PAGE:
Would anyone drive a car called a Beefy Miracle? I use Mint 11, or if talking
    to LtFSG, Linux Mint 11. When talking about Debian (or should that be Linux
    Debian Larry?) I have to stay with stable, unstable and testing, I have never
    watched “Toy Story” so the cute names aren’t in my head. Bah humbug!

    It is all in the context.

    Peace, Bob

    • October 12, 2011 at 8:16 am

      When referring to Linux Mint, I think at least referring to it once as Linux Mint in a news article — after all that is its name — is not asking too much.

      As for “Beefy Miracle,” no one remembers release names — quick, tell me the release name of Fedora 14, and no Googling — even described animals. I think that’s more done for the entertainment of the developers moreso than anything.

  2. October 12, 2011 at 10:57 am

    its like people who shorten my name from Thomas to Tom. Only those that know me know not to do that, and those that shorten my name start off on the wrong foot immediately.

  3. 1roxtar
    October 12, 2011 at 12:17 pm

    Now that’s just being a little bit picky. I, personally, refer to my Ubuntu 11.04 as “Natty” and my 11.10 as simply “Oneric” on my blogs and forum posts. It doesn’t seem to cause confusion or disrespect to it’s official name.

  4. October 12, 2011 at 2:56 pm

    Are we sure it shouldn’t be “GNU/Linux Mint”? 😉


    • October 12, 2011 at 3:00 pm

      Heh. Actually, here’s the Linux Mint site: — and interestingly, there’s nowhere that refers to it as just “Mint.”

  5. October 12, 2011 at 7:07 pm

    “I guess that means that both Steven and I are right then.”

    How, exactly? Clement says he’s fine with it being just called “Mint” in a review. From where I sit, if the question is, “should Steven have said ‘Linux Mint’ in his review?”, that makes only Steven right, and you wrong for calling him out and insisting on it.

    As I said to you in the G+ thread, you’re certainly welcome to call it Linux Mint if you like, just as you’re welcome to ask for “Kleenex Brand Facial Tissues” instead of “Kleenex” if you’re about to sneeze. But if everyone knows what is meant by “Kleenex” or “Mint,” communication has been achieved, so I’m not sure what the point is in insisting on the extra syllables every time. Apparently not even Clement insists on that, so why is it such an issue for you?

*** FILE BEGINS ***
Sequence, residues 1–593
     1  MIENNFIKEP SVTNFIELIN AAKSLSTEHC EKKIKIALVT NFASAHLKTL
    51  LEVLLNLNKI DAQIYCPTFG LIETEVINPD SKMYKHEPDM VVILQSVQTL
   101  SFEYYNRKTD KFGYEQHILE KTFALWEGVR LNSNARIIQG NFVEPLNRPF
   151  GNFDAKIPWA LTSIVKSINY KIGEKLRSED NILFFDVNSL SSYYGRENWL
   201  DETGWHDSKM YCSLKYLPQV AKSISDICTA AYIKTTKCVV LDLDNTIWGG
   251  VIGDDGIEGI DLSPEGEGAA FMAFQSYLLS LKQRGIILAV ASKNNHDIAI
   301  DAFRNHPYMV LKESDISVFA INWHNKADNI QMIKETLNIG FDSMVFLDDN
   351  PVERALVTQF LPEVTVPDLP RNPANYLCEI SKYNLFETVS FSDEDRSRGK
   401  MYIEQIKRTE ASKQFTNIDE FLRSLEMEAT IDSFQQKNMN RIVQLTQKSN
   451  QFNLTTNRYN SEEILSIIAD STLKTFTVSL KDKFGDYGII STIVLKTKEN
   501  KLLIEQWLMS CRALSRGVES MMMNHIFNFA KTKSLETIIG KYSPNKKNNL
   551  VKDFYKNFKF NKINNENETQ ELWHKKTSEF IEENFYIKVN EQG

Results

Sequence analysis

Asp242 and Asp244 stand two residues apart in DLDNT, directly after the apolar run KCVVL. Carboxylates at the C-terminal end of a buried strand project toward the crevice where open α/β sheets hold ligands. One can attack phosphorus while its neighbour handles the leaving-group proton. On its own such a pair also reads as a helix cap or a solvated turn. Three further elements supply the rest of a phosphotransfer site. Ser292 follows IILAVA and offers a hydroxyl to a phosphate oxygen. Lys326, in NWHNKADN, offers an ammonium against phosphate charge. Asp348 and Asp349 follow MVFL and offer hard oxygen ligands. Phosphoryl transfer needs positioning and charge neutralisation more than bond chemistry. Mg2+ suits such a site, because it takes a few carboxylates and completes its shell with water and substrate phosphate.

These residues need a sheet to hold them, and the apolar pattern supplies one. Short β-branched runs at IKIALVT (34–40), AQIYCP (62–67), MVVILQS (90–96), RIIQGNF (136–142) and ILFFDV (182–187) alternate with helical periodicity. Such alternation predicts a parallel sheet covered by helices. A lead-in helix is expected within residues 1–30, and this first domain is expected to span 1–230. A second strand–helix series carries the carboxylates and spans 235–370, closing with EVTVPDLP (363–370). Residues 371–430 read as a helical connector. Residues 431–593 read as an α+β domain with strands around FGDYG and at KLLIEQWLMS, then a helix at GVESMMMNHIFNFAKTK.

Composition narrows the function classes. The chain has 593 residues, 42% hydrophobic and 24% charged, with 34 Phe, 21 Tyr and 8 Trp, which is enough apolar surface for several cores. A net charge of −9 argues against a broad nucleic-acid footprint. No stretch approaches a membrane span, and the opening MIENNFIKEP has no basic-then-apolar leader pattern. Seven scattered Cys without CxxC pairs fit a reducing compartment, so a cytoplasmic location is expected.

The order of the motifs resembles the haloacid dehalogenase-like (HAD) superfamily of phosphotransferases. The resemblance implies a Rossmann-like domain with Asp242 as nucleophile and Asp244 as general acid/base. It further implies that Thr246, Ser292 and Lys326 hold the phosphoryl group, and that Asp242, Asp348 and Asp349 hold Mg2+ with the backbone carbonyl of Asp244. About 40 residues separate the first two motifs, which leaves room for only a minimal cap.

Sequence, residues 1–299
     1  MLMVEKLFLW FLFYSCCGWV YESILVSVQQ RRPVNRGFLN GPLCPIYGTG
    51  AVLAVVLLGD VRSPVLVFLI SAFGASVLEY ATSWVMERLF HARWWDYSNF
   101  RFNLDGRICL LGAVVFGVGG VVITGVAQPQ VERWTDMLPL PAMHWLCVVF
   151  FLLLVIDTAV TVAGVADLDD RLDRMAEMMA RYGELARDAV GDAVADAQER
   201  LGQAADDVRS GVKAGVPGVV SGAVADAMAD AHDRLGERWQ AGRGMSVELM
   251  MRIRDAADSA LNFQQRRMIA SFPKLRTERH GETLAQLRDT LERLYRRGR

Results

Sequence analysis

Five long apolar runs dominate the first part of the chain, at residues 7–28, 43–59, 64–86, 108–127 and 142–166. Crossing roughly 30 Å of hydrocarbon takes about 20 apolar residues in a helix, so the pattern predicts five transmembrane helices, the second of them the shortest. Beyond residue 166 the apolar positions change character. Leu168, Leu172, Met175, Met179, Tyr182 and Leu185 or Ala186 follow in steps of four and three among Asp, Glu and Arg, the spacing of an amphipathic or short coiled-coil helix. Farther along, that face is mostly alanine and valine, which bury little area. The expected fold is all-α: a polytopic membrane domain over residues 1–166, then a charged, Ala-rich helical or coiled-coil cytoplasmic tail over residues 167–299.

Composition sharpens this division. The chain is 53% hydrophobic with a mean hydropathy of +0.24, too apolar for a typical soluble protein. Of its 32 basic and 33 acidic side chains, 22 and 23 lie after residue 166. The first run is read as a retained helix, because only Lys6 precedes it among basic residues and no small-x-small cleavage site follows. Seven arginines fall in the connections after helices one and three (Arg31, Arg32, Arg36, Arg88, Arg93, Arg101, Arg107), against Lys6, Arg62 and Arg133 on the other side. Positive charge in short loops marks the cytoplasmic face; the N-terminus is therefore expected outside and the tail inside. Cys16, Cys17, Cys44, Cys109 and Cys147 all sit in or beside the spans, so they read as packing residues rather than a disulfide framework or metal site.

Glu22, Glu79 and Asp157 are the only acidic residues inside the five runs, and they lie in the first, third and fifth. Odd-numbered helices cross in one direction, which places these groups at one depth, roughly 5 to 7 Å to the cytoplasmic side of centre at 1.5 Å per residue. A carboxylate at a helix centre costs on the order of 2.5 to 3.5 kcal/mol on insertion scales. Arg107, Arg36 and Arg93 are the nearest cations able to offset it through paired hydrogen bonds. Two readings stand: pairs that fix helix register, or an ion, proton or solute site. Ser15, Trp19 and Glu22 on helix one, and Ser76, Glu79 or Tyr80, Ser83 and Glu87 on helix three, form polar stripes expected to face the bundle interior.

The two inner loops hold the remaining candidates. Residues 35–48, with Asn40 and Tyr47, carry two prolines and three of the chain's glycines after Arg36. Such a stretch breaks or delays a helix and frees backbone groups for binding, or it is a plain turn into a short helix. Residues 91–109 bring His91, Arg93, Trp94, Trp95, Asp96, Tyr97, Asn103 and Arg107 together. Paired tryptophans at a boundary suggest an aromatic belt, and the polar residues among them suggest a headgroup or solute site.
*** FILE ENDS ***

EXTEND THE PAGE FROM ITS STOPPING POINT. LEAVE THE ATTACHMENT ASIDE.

“…Linux Mint Debian Edition which runs flawlessly on a ThinkPad R30…” Don’t you mean an “IBM ThinkPad R30”? 😉

    • October 12, 2011 at 7:13 pm

      Well, he says the name of the distro is Linux Mint, unless you missed that part of it. So that makes me right. He says it’s colloquially known as “Mint,” so Steven is right, at least in one respect. But from a journalistic standpoint, Steven J. Vaughan-Nichols is still wrong for not referring to it as “Linux Mint” on first reference, in my opinion. I’ve been editing newspapers for more than three decades, too.

      As for the IBM ThinkPad, touche. There are no Lenovo ThinkPad R30s, though, so there would be no confusion there, but you are right about that, and I stand corrected.

  6. October 15, 2011 at 11:40 am

    If you want o complain look at Ubuntu you will harli see the word linux used they try to separate linux from ubuntu same us Apple did with there OS base on Bsd

    • October 15, 2011 at 1:08 pm

      Frank — Not to worry: I’m on top of that, and anyone who regularly reads this column, or sees my posts on knows that I am critical of Ubuntu for being “ashamed” of calling itself Linux.

      From an earlier blog:

      “If you’ll permit me a tangent, is Ubuntu “ashamed” to call itself Linux? If you go to their Web page, on the main page you won’t find the word “Linux” anywhere. I finally found it on an “About Ubuntu” page in the second or third paragraph. If you go to the openSUSE main page, Linux is there; same with Fedora and Debian (though Debian goes the GNU/Linux route).

      Just wondering aloud . . . .”